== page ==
1. how much maximum mass can you squeeze in lets say in a square cm. how much maximum energy can you squeeze in say a square cm.?  2.

3. Originally Posted by parag1973 how much maximum mass can you squeeze in lets say in a square cm.
In a square cm? Zero. In a cubic cm: A neutron star has a density of about 600,000,000,000 kg / cm3. This is probably the densest thing we know of.

how much maximum energy can you squeeze in say a square cm.?
Mass and energy are the same thing, so the mass above is about 5 x 1028 joules. But I'm not sure what you mean by "energy" and how it could be compressed.  4. The upper limit of any mass distribution is given by the Tolman-Oppenheimer-Volkoff limit; the densest objects we know of are neutron stars, in which case the limit would be about 2 solar masses for a star with a radius of just 11km. This means, in practical terms, that one teaspoon of this neutron star's matter would weigh as much as 900 great pyramids of Giza. If this mass limit is exceeded the object will undergo a gravitational collapse and become a black hole.  5. Originally Posted by Strange A neutron star ... is probably the densest thing we know of.
Doesn't a singularity have infinite density (thereby making it the most dense)? So, infinitely dense objects with finite mass... So you could hypothetically pack in an infinite quantity of singularities and have infinite mass :O Though the prior assumptions might be wrong.  6. Originally Posted by brody  Originally Posted by Strange A neutron star ... is probably the densest thing we know of.
Doesn't a singularity have infinite density (thereby making it the most dense)? So, infinitely dense objects with finite mass... So you could hypothetically pack in an infinite quantity of singularities and have infinite mass :O Though the prior assumptions might be wrong.
Yes, but it is unlikely that the singularity in the black hole is actually physically real; it emerges from General Relativity because that theory does not account for quantum effects, which are clearly significant here. Once we have a consistent model of quantum gravity ( which we don't yet ) chance are fairly high that no singularity appears in black holes.  7. consider a hypothetical sitaution. we align the magnets in such a way that a nealry perfect sphere is formed in space. This sphere will be in the centre of the magnets. now how much strong magnetic field is needed to disrupt the spherical structure. Note that these magnets hold on to their position due to mutual forces of attraction and repulsion. The magnetic field of all the magnets should be varied simultaneously. The sphere formed by such magnet arrangement has got magnetic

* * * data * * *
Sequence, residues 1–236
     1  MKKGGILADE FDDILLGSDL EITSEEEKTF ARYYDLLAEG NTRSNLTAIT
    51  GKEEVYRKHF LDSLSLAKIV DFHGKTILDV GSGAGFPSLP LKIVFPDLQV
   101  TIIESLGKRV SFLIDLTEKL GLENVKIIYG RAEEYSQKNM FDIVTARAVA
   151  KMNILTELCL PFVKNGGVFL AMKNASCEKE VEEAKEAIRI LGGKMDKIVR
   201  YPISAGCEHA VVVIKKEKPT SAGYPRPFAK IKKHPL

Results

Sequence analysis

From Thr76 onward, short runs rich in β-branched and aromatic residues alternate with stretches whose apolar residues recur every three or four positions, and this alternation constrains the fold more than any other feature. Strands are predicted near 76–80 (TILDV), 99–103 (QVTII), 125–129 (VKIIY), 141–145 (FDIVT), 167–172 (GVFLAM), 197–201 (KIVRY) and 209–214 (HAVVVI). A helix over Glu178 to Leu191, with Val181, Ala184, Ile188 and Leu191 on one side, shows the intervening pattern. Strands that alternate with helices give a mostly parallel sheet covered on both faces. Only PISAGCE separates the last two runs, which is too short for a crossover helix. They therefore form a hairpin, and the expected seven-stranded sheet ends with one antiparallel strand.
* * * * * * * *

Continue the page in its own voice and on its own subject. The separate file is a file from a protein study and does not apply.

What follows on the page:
potential as it is in the centre. I want to know what is the maximum magnetic field that a magnet can have such that it would not disrupt the arrangement of magnets.  8. Originally Posted by parag1973 consider a hypothetical sitaution. we align the magnets in such a way that a nealry perfect sphere is formed in space. This sphere will be in the centre of the magnets. now how much strong magnetic field is needed to disrupt the spherical structure. Note that these magnets hold on to their position due to mutual forces of attraction and repulsion. The magnetic field of all the magnets should be varied simultaneously. The sphere formed by such magnet arrangement has got magnetic
potential as it is in the centre. I want to know what is the maximum magnetic field that a magnet can have such that it would not disrupt the arrangement of magnets.
I don't understand the connection to the OP...? Why are we suddenly talking about magnets ?  9. What shape are the magnets?   10. The point is not about magnets. The point I want to make is that at the centre of the sphere large amounts of energy is stored in the form of magnetic potential. I want to know what is the maximum amount of energy we can store in space(vaccuum)  11. Originally Posted by parag1973 The point is not about magnets. The point I want to make is that at the centre of the sphere large amounts of energy is stored in the form of magnetic potential. I want to know what is the maximum amount of energy we can store in space(vaccuum)
I think the magnetic potential at the center would be exactly zero. Consider Gauss law for magnetic fields : In my understanding, what this means is that the net flux through any closed surface around an arrangement of magnetic sources is zero. Since this sphere is obviously symmetrical, the same should hold true for the inside of the sphere, in other words, even sitting in the center you shouldn't be able to see a magnetic monopole surrounding you. Therefore the magnetic field lines at the center of the sphere must cancel each other out.
Actually I am not 100% sure that I am correct with my intepretation - comments, anyone ??  Bookmarks
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